Pack some punch into sentences
Most of us write sentences the way I ran the half-mile in high school. I'd race as fast as I could for a quarter-mile and then wither in the last lap as competitors flew by me. Until I learned to conserve my energy for the final kick, I faded like a cheap shirt.
It's the same with writing. We know how to start our sentences, but we don't know how to end them. We sprint to an early lead with bold nouns, vigorous verbs and vivid adjectives and then slowly, painfully fizzle out with long strings of parenthetical clauses or languid modifiers. (See previous sentence.)
Our high school teachers hinted at the danger of this approach with their dictate "Never end a sentence with a preposition!" Such ragged shirttails, they explained, were unseemly and awkward, and definitely not something to end a sentence with. (See previous sentence.)
But the real problem with such constructions is strategy, not style. Writing is war. Why stick a wimpy, popgun preposition in the most commanding spot in your sentence, high ground that should be occupied by a booming cannon?
Speaking of cannons, watch how Atlantic Monthly writer Andrew Todhunter deploys sentence-ending artillery in his description of ice climbing on, appropriately enough, Cannon Cliff:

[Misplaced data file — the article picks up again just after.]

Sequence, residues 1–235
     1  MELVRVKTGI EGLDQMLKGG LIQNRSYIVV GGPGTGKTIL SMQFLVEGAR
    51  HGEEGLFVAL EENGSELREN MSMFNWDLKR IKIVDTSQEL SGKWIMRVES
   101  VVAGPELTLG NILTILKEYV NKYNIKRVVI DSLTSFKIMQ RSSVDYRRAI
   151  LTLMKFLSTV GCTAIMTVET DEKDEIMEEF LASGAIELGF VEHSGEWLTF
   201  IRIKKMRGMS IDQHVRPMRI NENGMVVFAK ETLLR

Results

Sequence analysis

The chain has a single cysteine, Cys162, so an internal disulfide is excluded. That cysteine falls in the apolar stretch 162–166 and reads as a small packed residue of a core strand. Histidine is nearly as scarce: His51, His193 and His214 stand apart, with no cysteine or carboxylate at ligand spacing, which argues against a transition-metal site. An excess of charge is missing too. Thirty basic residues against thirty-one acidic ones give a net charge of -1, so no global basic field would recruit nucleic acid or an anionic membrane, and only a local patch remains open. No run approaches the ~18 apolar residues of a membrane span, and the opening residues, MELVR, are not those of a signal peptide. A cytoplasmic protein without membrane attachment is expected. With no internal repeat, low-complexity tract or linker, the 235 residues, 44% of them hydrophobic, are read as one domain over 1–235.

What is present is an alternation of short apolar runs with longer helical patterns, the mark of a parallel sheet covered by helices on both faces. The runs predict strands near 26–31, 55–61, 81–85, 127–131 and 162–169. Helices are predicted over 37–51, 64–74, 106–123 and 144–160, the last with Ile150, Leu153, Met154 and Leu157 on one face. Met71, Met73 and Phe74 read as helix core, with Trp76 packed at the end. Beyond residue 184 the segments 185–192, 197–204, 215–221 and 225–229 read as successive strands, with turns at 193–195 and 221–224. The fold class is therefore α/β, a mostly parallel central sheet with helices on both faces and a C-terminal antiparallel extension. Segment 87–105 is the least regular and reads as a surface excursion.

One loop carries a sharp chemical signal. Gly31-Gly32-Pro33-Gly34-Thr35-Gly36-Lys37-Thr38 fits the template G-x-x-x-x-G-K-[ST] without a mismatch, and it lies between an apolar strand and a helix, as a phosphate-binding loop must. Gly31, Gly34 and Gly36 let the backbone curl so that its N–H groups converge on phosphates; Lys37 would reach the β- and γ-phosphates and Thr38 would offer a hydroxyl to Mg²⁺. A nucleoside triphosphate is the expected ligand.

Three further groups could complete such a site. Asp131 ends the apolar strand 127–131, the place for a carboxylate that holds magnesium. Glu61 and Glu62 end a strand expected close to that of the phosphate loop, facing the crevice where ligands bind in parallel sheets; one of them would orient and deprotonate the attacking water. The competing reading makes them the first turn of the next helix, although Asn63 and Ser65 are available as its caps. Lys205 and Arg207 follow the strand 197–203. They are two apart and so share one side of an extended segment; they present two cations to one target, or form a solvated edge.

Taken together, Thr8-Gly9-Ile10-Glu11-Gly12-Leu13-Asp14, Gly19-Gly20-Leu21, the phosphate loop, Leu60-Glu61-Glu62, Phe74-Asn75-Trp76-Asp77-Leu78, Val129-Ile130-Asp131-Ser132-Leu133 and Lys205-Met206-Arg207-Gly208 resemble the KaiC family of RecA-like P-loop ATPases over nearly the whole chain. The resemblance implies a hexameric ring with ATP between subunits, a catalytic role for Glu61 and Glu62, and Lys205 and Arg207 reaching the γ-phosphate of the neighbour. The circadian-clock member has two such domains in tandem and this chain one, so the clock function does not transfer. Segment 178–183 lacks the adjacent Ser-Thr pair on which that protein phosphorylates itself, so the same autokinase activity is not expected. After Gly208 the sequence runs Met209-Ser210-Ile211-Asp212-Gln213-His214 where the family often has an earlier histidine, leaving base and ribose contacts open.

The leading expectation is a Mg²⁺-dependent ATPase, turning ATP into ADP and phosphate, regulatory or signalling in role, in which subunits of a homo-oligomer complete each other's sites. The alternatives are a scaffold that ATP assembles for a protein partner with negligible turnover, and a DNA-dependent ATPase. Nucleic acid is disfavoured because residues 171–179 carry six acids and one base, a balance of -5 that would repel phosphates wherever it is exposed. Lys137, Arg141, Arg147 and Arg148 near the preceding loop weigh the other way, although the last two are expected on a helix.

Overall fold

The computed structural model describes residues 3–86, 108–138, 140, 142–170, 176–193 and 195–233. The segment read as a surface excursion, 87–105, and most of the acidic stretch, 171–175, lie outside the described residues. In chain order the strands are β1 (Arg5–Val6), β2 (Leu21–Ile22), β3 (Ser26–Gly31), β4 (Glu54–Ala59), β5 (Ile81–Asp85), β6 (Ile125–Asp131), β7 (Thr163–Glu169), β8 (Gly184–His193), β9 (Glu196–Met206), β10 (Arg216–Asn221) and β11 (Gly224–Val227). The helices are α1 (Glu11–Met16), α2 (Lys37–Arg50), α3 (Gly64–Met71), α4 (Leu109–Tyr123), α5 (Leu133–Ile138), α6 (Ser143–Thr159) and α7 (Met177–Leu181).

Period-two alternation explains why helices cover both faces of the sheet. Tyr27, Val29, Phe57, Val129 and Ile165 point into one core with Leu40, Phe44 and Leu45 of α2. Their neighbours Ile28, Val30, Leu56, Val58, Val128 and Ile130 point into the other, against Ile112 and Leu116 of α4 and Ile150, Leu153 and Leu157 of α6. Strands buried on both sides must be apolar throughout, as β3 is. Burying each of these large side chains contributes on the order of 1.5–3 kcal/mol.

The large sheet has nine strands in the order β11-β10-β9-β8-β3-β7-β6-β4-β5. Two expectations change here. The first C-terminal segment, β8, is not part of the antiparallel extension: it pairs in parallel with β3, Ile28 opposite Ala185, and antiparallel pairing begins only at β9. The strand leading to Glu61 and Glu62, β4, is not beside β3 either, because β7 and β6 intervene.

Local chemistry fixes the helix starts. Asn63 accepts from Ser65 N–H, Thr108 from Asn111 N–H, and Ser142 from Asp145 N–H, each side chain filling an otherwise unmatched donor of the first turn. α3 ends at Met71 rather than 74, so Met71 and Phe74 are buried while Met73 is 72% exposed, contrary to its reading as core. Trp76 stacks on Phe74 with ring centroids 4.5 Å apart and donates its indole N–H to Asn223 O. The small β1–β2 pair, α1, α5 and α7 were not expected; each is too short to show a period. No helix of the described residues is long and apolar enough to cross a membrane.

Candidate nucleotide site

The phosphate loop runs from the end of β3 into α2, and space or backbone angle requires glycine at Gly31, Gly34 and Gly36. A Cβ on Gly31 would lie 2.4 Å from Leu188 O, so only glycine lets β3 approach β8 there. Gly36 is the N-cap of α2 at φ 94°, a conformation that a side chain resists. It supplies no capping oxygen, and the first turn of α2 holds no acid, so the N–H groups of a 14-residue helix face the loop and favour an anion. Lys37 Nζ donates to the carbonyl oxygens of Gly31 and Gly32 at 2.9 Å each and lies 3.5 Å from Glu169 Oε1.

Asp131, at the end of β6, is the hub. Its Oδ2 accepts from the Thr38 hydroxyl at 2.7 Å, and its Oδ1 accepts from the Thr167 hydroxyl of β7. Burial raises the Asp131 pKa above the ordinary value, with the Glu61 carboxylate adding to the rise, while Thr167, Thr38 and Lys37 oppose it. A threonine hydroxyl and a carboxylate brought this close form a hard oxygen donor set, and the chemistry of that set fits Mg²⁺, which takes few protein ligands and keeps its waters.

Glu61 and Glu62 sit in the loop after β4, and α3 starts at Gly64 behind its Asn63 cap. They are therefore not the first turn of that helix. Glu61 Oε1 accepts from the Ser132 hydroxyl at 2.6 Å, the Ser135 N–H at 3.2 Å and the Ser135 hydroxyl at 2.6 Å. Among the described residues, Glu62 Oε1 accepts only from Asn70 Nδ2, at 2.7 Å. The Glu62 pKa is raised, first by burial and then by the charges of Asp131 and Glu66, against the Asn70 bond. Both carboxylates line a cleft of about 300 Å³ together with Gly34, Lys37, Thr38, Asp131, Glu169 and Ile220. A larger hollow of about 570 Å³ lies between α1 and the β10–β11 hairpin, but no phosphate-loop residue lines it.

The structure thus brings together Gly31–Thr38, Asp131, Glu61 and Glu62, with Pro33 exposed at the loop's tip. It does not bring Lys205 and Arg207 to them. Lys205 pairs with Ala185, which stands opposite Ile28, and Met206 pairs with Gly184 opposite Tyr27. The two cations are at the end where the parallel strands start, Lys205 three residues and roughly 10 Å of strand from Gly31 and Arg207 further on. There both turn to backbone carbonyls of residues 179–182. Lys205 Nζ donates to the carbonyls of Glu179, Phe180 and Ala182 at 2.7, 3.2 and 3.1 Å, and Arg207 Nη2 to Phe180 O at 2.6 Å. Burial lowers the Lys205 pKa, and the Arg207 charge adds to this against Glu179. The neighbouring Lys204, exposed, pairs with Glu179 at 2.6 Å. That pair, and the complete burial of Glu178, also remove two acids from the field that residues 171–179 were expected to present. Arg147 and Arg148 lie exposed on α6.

"On a late-winter morning, John Bouchard starts up the steep snow slope at the base of a 600-foot-high gully of ice and rock known to climbers as the Black Dike. The gully splits the broad granite face of New Hampshire's Cannon Cliff like a hatchet wound. It is 30 degrees and nearly windless; a fine, dry snow falls through the dense fog that conceals the summit. In its present wintry aspect the cliff which is nearly a mile wide, a thousand feet high, and an average of 10 degrees off vertical could easily be mistaken for the base of a north wall somewhere in the Alps."
Read only the last words of the sentences "Black Dike," "hatchet wound," "summit," "Alps" and you've sunk your ice ax deep into this saga.
Like Todhunter, treat each sentence as an alp. When you get to the summit, don't just collapse and gasp, as I did during the last portion of my half-mile race. Instead, sound your barbaric yawp from the rooftop.